Recent research has revealed more fully the tension between wanting to continue to work, in the face of a struggle to manage the painful condition successfully. Being in work as a condition of effective self-management is often undermined as individuals seek to self-manage in that context. The report Self-management of chronic musculoskeletal disorders and employment captured the barriers that people with chronic musculoskeletal face in the workplace.

A central finding of the study was confirmation that work itself should be considered as a form of self-management. Individuals interviewed for the report found that partaking in work was an important way in which they managed several (often psychological) aspects of living with their painful condition.

Individuals also described how the invisible nature of pain meant that other people found it harder to understand their condition, and that they often were not offered support when they needed it. Some even described feigning alternative, more understandable, symptoms in order to communicate to others that they were unwell. Such experience raises the crucial, yet often overlooked relationships between employees and their line-managers, and also with their immediate colleagues.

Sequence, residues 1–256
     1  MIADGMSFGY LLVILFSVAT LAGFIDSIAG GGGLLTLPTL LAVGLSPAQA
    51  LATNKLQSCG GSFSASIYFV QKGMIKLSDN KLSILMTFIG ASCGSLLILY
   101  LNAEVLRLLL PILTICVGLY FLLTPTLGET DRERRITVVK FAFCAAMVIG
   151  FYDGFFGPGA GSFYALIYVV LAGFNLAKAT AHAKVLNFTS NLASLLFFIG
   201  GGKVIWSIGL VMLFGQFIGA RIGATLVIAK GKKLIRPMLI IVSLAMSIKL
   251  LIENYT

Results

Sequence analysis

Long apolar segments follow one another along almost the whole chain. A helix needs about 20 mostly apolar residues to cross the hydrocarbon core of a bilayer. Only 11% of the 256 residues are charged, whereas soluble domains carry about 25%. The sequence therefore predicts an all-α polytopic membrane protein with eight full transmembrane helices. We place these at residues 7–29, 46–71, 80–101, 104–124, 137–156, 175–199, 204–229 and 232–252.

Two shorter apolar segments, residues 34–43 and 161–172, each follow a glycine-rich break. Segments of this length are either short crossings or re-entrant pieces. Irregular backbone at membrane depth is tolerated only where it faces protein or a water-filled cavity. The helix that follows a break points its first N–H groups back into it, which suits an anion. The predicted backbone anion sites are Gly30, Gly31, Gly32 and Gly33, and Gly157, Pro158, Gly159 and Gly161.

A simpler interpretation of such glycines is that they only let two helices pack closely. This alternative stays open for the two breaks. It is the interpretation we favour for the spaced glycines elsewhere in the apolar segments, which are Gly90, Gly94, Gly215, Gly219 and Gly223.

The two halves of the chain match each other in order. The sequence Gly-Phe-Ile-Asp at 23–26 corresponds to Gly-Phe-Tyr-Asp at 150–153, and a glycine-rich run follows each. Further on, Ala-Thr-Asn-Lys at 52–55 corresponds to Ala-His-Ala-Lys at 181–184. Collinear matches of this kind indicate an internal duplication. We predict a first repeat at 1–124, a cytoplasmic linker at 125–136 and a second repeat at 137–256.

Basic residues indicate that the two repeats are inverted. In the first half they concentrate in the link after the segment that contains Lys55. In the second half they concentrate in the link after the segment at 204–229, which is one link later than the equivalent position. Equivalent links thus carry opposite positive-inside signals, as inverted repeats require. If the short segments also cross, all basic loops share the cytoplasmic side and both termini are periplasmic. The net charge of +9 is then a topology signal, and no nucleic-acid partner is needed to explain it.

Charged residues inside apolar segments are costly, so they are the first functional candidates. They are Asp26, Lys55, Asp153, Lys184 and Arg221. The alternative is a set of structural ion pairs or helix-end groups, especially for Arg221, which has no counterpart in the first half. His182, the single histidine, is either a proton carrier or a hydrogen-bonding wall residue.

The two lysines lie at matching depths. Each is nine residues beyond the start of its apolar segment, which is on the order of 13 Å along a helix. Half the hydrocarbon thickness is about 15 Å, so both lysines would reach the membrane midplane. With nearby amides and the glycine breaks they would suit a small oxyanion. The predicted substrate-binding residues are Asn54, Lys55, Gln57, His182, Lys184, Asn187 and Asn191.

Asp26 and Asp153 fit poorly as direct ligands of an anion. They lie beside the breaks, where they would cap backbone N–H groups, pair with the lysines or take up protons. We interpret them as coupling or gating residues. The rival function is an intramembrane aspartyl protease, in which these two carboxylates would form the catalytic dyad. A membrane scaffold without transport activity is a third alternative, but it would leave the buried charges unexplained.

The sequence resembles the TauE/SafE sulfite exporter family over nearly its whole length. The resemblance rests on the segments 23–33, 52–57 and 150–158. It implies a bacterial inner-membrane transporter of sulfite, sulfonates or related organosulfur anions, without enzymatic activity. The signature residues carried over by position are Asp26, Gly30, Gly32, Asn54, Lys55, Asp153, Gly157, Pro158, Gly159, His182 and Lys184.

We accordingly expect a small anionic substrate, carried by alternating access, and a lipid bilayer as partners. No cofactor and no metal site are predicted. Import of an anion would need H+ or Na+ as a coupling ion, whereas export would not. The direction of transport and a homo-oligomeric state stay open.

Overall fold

Progress in these matters turns on such fundamental matters as workplace culture, senior leadership and line management skills. There is growing evidence of better understanding amongst employers, employees and health professionals of the benefits of good work on health. This heralds a wider culture change in attitudes to health and work. Among health professionals, for example, maintaining or returning to work is widely accepted as a desirable health outcome.

Dame Carol Black
Expert Advisor on Health and Work to the Department of Health & Principal of Newnham College Cambridge

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Is the government’s response to the sickness absence review good enough?

Wednesday, January 23rd, 2013